Thursday, May 1, 2014

Whale Ho!

By Steph Koehnen

Saturday 1 March 2014


We set sail around 11 a.m. with Captain Tom steering us toward the day’s treasure. Okay, well treasure might be a little too exaggerated. For all I knew it was a wild goose chase—wild dead whale chase would be a little more accurate. But in any case, our captain had done some research to pinpoint where the whale was supposed to be. During the hour long voyage through the greenery of County Mayo, First Mate Cami supplied us with the day’s rations of snickerdoodle cookies, which the two other deckhands and I devoured immediately. We would need the sustenance for the impending hunt.

Once we got to the town of Ballycroy we docked for directions and further sustenance. The port was a small supermarket set up like a general store of old with the majority of merchandise on shelves behind the counter. Tending the store was a lovely maiden in a neon pink shirt. She knew precisely where we meant to go and gave us landmarks to steer by. We bought some candies and drinks before reboarding the SS Ford Focus.

It was a treacherous journey from there. We nearly capsized when trying to pass another ship in a narrow strait, but Captain Tom got us out of that sticky wicket. Then we realized that the maiden from the supermarket must not have taken into account the wind speed and direction, so we turned about and set a new course. A few kilometers into the new route we saw another port with a lass standing on the docks. She rattled off directions without even consulting her compass, and they were spot on. The worthy lass deserved a pint, but she wasn’t to be found at the port on our return journey.

Finally we docked at a rocky beach. There was so little sand I had a hard time calling it a beach, but perhaps it was a real beach before the storms of the last few months. Alas there is no way for me to tell. Captain Tom and First Mate Cami allowed us deckhands to wander at will rather than give us direct orders. Claire and Willie generally stayed ahead, keeping a watchful eye out for the treasure, but I tended to lag behind as I observed the rocks and plant matter of the strand.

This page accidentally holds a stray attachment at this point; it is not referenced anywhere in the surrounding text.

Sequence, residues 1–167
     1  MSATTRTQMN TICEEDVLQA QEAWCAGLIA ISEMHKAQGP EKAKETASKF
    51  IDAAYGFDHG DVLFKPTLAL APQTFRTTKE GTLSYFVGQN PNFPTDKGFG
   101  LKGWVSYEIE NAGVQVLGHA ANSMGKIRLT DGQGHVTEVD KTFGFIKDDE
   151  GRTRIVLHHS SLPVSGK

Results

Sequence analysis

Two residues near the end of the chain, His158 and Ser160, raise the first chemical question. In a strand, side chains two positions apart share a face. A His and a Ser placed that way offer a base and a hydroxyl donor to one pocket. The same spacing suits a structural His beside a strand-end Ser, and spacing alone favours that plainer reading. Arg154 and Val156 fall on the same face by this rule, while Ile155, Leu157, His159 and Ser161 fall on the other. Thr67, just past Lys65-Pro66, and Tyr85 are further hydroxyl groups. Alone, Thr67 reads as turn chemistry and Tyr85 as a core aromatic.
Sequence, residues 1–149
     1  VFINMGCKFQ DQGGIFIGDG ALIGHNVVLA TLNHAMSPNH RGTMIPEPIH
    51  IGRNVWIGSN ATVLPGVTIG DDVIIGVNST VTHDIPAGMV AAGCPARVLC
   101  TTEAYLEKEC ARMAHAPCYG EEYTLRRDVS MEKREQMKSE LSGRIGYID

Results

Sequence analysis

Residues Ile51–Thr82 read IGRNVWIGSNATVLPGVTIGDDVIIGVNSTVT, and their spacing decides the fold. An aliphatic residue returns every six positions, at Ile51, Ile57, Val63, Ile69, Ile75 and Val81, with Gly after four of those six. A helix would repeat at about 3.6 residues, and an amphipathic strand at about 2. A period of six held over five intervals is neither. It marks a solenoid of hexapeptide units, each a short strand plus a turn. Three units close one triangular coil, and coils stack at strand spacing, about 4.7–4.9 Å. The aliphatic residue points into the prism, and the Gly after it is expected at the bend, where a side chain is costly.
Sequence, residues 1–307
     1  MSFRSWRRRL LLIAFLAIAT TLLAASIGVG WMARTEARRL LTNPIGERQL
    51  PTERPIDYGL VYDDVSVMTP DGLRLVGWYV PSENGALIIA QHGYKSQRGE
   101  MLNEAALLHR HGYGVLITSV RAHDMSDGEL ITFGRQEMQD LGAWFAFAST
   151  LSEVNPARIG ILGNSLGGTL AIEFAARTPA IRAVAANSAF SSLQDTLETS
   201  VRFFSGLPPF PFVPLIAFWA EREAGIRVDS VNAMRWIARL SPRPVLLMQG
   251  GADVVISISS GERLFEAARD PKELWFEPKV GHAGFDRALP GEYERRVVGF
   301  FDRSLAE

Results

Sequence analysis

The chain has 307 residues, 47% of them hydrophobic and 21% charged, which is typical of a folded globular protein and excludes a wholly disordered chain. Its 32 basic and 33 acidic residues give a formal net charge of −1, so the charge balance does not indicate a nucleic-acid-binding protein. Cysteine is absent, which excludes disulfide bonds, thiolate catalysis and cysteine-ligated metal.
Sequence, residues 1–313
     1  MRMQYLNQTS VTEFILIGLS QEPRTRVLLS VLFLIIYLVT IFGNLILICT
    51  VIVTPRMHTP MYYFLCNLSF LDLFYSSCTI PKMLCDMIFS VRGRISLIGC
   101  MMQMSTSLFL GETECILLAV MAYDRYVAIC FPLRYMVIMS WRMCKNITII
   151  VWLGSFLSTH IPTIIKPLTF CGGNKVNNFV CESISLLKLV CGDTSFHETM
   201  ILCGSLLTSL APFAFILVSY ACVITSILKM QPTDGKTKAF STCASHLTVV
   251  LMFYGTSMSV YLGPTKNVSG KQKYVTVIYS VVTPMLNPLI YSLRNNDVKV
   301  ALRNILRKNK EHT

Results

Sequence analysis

I was beginning to doubt our directions since we had walked nearly a half hour without any hint of a whale, dead or otherwise. But then the cry of “Whale!” from Willie stopped us all in our tracks. We strained our eyes to find what he saw and continued moving once we had satisfactorily spotted its location. I had steeled myself for the wretched stench, ready for the repugnance of 50-some tons of rotting whale carcass, but it didn’t come. The only place I smelled anything was directly in front of the whale’s head. Even standing downwind of the actual wounds produced no offending stench.


The whale’s skin was dry and cracked; it had been stranded on the beach nearly two weeks by the time we got there. All the ships seeking the thing had signed a no-poaching treaty. It was to be left alone, nothing taken, nothing added. Many ships came to see how they might bring down other whales, to learn their weak spots, but our purpose was merely curiosity. Our whole crew had never seen a whale before—dead or alive—so it was almost necessary to make the voyage.


It rained during the trek back to the ship so our entire backsides were soaked. Despite this, it was a productive journey for all parties—unless you count the whale. His journey was undeniably unsuccessful. Tomorrow we start another new mission, but the Captain still hasn’t let on what it is.

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